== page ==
The term “loss of enjoyment” seems pretty straightforward, and in some ways, it is.
It means exactly what it seems like: a person has lost an element of enjoyment in his or her life.
But even a simple term can become complicated and have far-reaching implications in the American legal system.
After an accident, it is important to understand concepts like loss of enjoyment.
These kinds of losses are not as simple to explain as “economic damages,” which include the hard costs of your lost wages or your medical bills.
But calculating your loss of enjoyment is vital to ensuring you receive the compensation you deserve after a serious accident, and it’s a service the Tenge Law Firm, LLC, provides to all clients.
To learn how our personal injury lawyers can help, contact us today.
What Is Loss of Enjoyment?
From a legal perspective, “loss of enjoyment” or “loss of enjoyment of life” refers to the ways in which a serious injury impacts someone’s quality of life, so they receive less enjoyment from the things they were able to do before the accident.
For example, consider a woman who is passionate about gardening and likes to spend hours every day kneeling in her garden and tending to plants.
She is walking down the street one day and trips on an uneven part of the sidewalk, which the city has been meaning to repair.
This causes her to fall, and she suffers a serious knee injury that requires surgery and leaves her with chronic pain in her knees.
Now, she cannot spend more than a few minutes kneeling in her garden without being in agony. Due to the fall, her enjoyment of gardening has been greatly diminished—this is a loss of enjoyment.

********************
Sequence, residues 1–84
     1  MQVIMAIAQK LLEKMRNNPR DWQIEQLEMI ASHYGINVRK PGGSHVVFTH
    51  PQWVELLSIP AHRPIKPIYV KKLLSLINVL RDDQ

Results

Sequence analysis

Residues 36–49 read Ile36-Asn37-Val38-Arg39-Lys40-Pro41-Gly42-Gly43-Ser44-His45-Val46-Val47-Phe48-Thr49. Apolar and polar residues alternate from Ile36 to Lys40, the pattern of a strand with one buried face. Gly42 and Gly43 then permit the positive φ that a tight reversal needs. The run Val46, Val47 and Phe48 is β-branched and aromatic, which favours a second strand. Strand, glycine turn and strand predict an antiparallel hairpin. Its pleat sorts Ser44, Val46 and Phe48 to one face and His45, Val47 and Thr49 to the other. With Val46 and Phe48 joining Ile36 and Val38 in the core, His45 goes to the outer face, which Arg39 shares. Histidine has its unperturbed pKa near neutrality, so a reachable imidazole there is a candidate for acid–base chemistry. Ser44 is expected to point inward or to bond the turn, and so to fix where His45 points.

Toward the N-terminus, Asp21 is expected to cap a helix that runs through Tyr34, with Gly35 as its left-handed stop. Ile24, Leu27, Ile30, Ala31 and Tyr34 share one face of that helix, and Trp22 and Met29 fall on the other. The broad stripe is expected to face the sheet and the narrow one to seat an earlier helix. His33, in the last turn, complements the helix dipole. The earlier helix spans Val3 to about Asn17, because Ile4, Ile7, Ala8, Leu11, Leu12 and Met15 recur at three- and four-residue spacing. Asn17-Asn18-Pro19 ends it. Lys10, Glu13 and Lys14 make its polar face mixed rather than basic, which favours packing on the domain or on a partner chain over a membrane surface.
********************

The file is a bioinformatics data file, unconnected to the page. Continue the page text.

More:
And since the city was responsible for the upkeep of the dangerous sidewalk, the city should be the one paying for it.
How Is Loss of Enjoyment Calculated?
There are several factors that come into play when a loss of enjoyment is calculated.
First, it’s important to note that loss of enjoyment is non-economic damage, so there is no obvious numerical value that can be attached to it, as there is with something like medical bills.
As such, there is a lot of leeway and interpretation when it comes to figuring out what a loss of enjoyment is worth, and a good personal injury lawyer can help immeasurably.
Courts and juries will often consider the age of the victim and the severity of the injury. How many more years will the person experience this loss of enjoyment?
Younger plaintiffs have better chances of receiving a larger sum because the loss will affect them longer.
Catastrophic injures that cause greater pain or interfere with daily life are also more likely to result in greater awards for loss of enjoyment.
What Are Some Other Non-Economic Damages?
Loss of enjoyment of life is not the only non-economic damage a person can seek in Colorado after a serious injury. Some other non-economic damages include things like:
- Pain and Suffering – In a personal injury claim, the plaintiff can seek compensation for the pain he or she suffered or is currently suffering. Chronic pain that is likely to last for years is particularly traumatic.
- Emotional Stress – A plaintiff can also seek compensation for emotional distress and mental anguish. Anxiety, depression, and other emotional issues that arise due to an accident are included in these damages.
- Loss of Consortium – If the plaintiff is married, and injuries from the accident negatively impact his or her ability to be together physically with a spouse, this can be included as part of a lawsuit.
Physical impairments can also be seen as a form of non-economic damages, but in Colorado, they are considered separately.
These include disfigurements, loss of limbs, paralysis, and similar injuries with long-term or permanent impairments associated with them.
One extra thing we should note is that Colorado does have a “cap” or limit on all non-economic damages in a civil lawsuit, including loss of enjoyment. There is no cap on physical impairment damages, however.
Is a Personal Injury Attorney in Colorado Really That Important?
Yes! In any lawsuit, it’s vital to have a knowledgeable and experienced CO trial attorney to represent you.
You may miss deadlines, improperly file legal paperwork, and not even think to ask for additional damages you deserve.
Not having your own lawyer also makes it harder to get a fair settlement or win a lawsuit in court—especially since the other party will certainly have one.
We have offices in Denver, Boulder, and Fort Collins.